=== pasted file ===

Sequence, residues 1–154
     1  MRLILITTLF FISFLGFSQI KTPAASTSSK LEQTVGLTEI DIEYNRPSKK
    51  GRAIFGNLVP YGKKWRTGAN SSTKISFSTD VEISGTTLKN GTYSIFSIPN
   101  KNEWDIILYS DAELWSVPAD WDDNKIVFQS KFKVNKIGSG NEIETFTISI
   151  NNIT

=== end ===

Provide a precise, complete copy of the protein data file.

Sequence, residues 1–154
     1  MRLILITTLF FISFLGFSQI KTPAASTSSK LEQTVGLTEI DIEYNRPSKK
    51  GRAIFGNLVP YGKKWRTGAN SSTKISFSTD VEISGTTLKN GTYSIFSIPN
   101  KNEWDIILYS DAELWSVPAD WDDNKIVFQS KFKVNKIGSG NEIETFTISI
   151  NNIT